phonolgical processing ability as some call it) are based in first
language and are more prominent in a new language.
Though not enough research has been done in this area, what has already
been done clearly points to the fact that a range of language learning
difficulties can been traced to deficits in the first language.
2) At this point, to my knowledge--and I spend a lot of time searching
for such information--few tests are available in languages other than
English that will indicate a learning disability. Even the ones that
exist, as in Spanish, are often questionable because they are normed in
one dialect or version of the language ( the Spanish one in Castillian
Spanish, for example, though some adjustments have been made recently)
which automatically puts speakers of other versions at linguistic and
even cultural disadvantages and therefore skews the results. Of course,
speakers of other languages cannot be reliably tested using tests normed
on English speakers--the results are largely questionable--.
Furthermore, even the tests in English for English speakers are often
challenged by experts as giving somewhat rarefied information about the
The trend is to identifying LD in non-native speakers in a more global
way--in K-12 the tendency is to arrive at the diagnosis via a portfolio
and or team assesment. This actually works better for adults as well,
since their whole level of functioning ( as implied above inwhat they
are good at) is necessary for getting an idea of where the LD ( or if a
LD) manifests itself.
Diagnosis DOES cost hundred ( even a thousand) dollars and VERY few
diagnosticians are experienced enough to test a non-native speaker and
come up with an educated guess as to what s going on.--It's a direction
that should be avoided, if you ask me. Personally, refer my ESL
students for testing (educated guessing) ONLY when my school needs that
documentation for legal accommodation of the student.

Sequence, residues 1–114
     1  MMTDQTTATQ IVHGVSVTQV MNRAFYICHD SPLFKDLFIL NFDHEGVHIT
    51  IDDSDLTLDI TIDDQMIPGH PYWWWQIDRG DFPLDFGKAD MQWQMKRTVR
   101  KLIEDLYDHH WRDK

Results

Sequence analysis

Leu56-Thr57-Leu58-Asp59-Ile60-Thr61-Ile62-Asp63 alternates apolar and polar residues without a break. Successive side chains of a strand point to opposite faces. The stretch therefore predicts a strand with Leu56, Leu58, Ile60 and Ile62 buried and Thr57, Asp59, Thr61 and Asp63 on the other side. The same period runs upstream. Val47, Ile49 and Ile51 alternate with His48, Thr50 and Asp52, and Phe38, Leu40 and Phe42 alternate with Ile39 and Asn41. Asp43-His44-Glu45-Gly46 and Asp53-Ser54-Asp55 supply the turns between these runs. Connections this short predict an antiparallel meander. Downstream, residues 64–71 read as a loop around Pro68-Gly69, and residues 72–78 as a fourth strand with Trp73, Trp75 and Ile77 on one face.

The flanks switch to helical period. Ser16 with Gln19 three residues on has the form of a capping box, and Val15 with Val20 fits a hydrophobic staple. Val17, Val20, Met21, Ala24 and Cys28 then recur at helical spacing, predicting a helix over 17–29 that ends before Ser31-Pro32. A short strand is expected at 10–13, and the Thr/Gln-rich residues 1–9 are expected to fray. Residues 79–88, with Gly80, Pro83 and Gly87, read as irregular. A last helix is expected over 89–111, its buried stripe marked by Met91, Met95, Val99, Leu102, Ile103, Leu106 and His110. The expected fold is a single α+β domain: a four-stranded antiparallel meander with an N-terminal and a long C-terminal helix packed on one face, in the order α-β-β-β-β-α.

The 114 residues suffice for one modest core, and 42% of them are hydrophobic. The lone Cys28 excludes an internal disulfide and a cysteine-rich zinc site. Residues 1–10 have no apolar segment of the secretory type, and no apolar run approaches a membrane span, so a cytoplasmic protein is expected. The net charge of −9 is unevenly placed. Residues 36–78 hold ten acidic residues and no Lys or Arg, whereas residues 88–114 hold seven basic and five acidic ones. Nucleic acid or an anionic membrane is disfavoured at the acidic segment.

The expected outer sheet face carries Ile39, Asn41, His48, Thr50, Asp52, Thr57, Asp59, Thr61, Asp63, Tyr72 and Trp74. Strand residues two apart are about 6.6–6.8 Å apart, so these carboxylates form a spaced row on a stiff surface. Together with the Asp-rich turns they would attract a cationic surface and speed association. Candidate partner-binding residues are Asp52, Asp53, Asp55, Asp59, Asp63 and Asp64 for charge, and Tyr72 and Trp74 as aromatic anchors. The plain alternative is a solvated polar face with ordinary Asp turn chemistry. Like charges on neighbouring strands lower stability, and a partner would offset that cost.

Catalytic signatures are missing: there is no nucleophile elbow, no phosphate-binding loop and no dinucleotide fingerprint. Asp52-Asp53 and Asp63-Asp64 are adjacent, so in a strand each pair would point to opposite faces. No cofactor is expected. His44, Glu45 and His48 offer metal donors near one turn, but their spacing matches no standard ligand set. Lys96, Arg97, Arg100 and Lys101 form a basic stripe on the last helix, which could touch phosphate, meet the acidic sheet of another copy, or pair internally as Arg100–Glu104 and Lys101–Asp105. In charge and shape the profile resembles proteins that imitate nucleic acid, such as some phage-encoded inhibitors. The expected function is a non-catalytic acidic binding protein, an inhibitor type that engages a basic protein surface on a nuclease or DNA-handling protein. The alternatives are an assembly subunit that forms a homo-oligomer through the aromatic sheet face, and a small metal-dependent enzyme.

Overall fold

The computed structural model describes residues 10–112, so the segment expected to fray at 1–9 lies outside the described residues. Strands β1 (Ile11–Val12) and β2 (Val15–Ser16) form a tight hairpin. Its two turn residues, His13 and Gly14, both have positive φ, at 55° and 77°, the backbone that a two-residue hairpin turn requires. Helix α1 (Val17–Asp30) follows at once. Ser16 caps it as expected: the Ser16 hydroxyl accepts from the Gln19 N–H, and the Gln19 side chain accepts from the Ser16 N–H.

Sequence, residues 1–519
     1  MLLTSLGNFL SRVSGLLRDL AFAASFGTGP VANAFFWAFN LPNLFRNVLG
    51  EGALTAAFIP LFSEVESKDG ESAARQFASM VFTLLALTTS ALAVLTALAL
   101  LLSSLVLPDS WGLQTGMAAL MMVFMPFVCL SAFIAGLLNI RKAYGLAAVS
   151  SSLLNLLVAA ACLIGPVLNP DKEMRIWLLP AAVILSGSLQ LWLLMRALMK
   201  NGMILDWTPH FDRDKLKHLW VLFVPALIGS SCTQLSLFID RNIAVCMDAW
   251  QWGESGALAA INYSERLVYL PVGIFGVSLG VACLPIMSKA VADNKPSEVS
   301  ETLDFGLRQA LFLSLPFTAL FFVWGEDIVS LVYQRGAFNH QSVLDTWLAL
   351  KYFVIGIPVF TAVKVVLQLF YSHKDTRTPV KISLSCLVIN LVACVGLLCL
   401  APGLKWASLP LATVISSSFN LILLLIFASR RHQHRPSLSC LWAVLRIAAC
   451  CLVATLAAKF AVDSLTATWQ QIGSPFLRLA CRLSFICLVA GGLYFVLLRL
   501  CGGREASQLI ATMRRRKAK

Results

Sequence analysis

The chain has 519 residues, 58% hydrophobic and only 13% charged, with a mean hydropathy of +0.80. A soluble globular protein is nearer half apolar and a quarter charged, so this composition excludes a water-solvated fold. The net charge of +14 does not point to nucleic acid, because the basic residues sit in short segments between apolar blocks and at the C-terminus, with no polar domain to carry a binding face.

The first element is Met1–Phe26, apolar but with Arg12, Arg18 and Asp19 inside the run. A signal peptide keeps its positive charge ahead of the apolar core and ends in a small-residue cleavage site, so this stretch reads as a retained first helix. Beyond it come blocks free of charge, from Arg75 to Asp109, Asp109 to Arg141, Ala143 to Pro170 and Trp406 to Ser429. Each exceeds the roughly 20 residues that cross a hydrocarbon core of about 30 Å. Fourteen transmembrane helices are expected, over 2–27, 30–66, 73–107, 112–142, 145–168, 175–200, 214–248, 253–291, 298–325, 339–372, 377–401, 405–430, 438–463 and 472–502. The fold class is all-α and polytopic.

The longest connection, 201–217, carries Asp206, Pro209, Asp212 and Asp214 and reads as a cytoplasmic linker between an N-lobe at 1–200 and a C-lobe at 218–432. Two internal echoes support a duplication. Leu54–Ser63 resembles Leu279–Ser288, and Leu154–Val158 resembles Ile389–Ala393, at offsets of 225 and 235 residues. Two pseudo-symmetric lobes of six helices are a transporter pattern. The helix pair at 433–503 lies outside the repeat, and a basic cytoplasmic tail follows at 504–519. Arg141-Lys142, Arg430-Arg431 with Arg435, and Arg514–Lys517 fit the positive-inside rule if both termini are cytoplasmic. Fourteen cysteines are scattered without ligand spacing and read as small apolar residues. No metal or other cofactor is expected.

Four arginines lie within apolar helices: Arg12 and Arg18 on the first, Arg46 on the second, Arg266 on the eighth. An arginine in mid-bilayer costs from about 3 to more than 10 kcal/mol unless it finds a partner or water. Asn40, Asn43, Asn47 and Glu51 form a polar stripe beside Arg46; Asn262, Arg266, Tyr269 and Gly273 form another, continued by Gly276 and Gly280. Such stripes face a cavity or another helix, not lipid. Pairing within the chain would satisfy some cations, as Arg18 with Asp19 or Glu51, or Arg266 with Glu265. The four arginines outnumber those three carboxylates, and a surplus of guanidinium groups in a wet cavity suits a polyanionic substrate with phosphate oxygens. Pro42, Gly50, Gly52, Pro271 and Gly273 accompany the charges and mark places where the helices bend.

3) Instructing an LD ESL student in a way that he or she can profit from
is somewhat difficult--I won't take up pages here discussing THAT
one.--Suffice it to say that remediation in the area of phonemic
awaremess has vbeen shown to be extremely helpful for persons having
difficulty learning a foreign language ( The next issue of the NALLDC
news letter should have an article addressing that).
There are some excellent ESL/Literacy materials that are helpful as a
way to start the person with very little or no English. Progress or
lack of it in those materials can be one step towards tentative
identification of a learning disability.
4) As for getting LD expertise into the field, that is difficult--but,
the NALLDC for example, has information and personnel to help with that
somewhat and as I said earlier, I think just getting general LD info,
especially about adults, to the teachers and others concerned with
programs,is very helpful.
b)Glenn Young's remarks concerning denial of civil rights through
programmatic neglect are very salient; or as the policeman will tell the
traffic violator, "ignorance of the law is no excuse." Hopefully
trickle-up of information to the INS, plus input from literacy experts
concerned with LD issues will help the INS become aware of the issue.
MANY. many people, in many areas of education and government want to
think this is not a very big issue and policies should not be bent for a
small minority; in fact, this is a very BIG issue --the percentages of